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About The Charleston advocate. (Charleston, S.C.) 1867-1868
Charleston, S.C. (1867-1868)
- The Charleston advocate. : (Charleston, S.C.) 1867-1868
- Place of publication:
- Charleston, S.C.
- Geographic coverage:
- H.J. Moore
- Dates of publication:
- Began with Feb. 16, 1867 issue; ceased in 1868.
- African Americans--South Carolina--Charleston--Newspapers.
- African Americans.--fast--(OCoLC)fst00799558
- Charleston (S.C.)--Newspapers.
- South Carolina--Charleston.--fast--(OCoLC)fst01204603
- Archived issues are available in digital format as part of the Library of Congress Chronicling America online collection.
- Description based on: Vol. 1, no. 2 (Feb. 23, 1867).
- Microfilmed by the Library of Congress for the Committee on Negro Studies of the American Council of Learned Societies.
- sn 83025784
- Related Links:
- View complete holdings information
- First Issue Last Issue
The weekly Charleston Advocate (1867-68) was one of a number of short-lived newspapers from the predominantly black Low Country region of South Carolina in the Reconstruction era (1865-77). Like many newspapers published for an African American audience, the Advocate faced a number of obstacles, including limited funds, opposition from local whites, and a low circulation due to high illiteracy rates among African Americans, most of whom were former slaves. Although it lasted only a year, the Advocate captured the hopes and frustrations of African Americans and reformers in the South in the years immediately following the end of the Civil War.
Two Methodist clergymen, Timothy Willard Lewis and Alonzo Webster, established the Charleston Advocate with financial support from Boston-based philanthropist Lee Claflin and his son, Massachusetts Governor William Claflin. Lewis and Webster both were Northerners. Webster had previously published the Vermont Christian Messenger ; Lewis had served as a missionary to the freedmen on the Sea Islands. The first issue of the Advocate appeared on Saturday, February 16, 1867. At its masthead appeared the golden rule: “As yet would that men should do unto you, do ye even so to them.” Webster served as editor, and Lewis and Benjamin Franklin Randolph, a former chaplain to the United States 26th Colored Infantry Regiment, served as associate editors.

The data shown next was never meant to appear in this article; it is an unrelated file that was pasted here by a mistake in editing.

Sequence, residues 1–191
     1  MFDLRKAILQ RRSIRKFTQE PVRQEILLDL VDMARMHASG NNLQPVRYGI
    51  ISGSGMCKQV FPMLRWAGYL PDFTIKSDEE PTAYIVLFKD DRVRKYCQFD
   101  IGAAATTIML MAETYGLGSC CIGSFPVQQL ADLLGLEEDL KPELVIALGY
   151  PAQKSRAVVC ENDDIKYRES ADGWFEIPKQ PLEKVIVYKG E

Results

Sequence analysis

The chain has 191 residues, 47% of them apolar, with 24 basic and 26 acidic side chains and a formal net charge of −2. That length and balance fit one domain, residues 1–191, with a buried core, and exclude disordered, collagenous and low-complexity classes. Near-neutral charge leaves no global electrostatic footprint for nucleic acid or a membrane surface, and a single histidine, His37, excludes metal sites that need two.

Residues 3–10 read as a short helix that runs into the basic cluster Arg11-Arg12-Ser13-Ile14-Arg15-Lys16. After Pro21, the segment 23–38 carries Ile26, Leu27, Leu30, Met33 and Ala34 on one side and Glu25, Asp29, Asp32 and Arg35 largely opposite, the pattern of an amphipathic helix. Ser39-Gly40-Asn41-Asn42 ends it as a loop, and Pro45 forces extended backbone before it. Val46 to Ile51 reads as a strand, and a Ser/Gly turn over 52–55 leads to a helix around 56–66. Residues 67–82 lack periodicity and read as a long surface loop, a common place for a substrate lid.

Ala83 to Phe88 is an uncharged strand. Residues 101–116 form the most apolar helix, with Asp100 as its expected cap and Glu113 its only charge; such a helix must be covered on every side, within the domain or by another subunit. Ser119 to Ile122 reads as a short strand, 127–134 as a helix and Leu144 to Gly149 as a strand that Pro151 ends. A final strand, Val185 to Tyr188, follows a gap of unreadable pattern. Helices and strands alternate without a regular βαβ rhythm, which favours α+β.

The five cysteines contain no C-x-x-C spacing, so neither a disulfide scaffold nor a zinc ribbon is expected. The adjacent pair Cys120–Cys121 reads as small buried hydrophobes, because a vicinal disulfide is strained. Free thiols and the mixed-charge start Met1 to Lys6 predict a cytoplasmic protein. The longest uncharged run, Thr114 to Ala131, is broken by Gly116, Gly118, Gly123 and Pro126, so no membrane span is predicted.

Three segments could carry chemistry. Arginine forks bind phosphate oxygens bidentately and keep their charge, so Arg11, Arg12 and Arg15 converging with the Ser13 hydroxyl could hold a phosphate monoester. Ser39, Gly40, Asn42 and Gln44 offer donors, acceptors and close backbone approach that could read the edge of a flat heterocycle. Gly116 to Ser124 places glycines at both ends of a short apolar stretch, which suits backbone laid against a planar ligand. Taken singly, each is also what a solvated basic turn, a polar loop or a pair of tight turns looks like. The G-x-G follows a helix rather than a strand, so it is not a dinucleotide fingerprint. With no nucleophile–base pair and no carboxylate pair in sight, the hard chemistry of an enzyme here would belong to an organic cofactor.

The Advocate combined international and national news, domestic advice, marriage and obituary notices, and news of the South Carolina Conference of the Methodist Episcopal Church and South Carolina Republican Party. Notices of the activities of the Baker Biblical Institute in Charleston (Webster and Lewis taught there) were also prominently featured in the Advocate’s pages. Its editors defended so-called scalawags and carpetbaggers and chastised local Democrat newspapers, the Charleston Mercury and the Columbia Daily Phoenix, and the national Republican Party alike for their indifference to the needs of black Southerners.
On October 16, 1868, three white gunmen assassinated Benjamin Randolph, who had recently been elected South Carolina State Senator, in broad daylight in Abbeville County. The Advocate ran a number of memorials to Randolph, transferred its subscription lists to the Atlanta Methodist Advocate, and folded shortly thereafter. Timothy Lewis and Alonzo Webster went on to establish Claflin University, a historically African American Methodist college in Orangeburg, South Carolina, in 1869. In doing so, they continued to promote the ideas of racial equality and opportunity they had articulated in the Advocate.
Provided by: University of South Carolina; Columbia, SC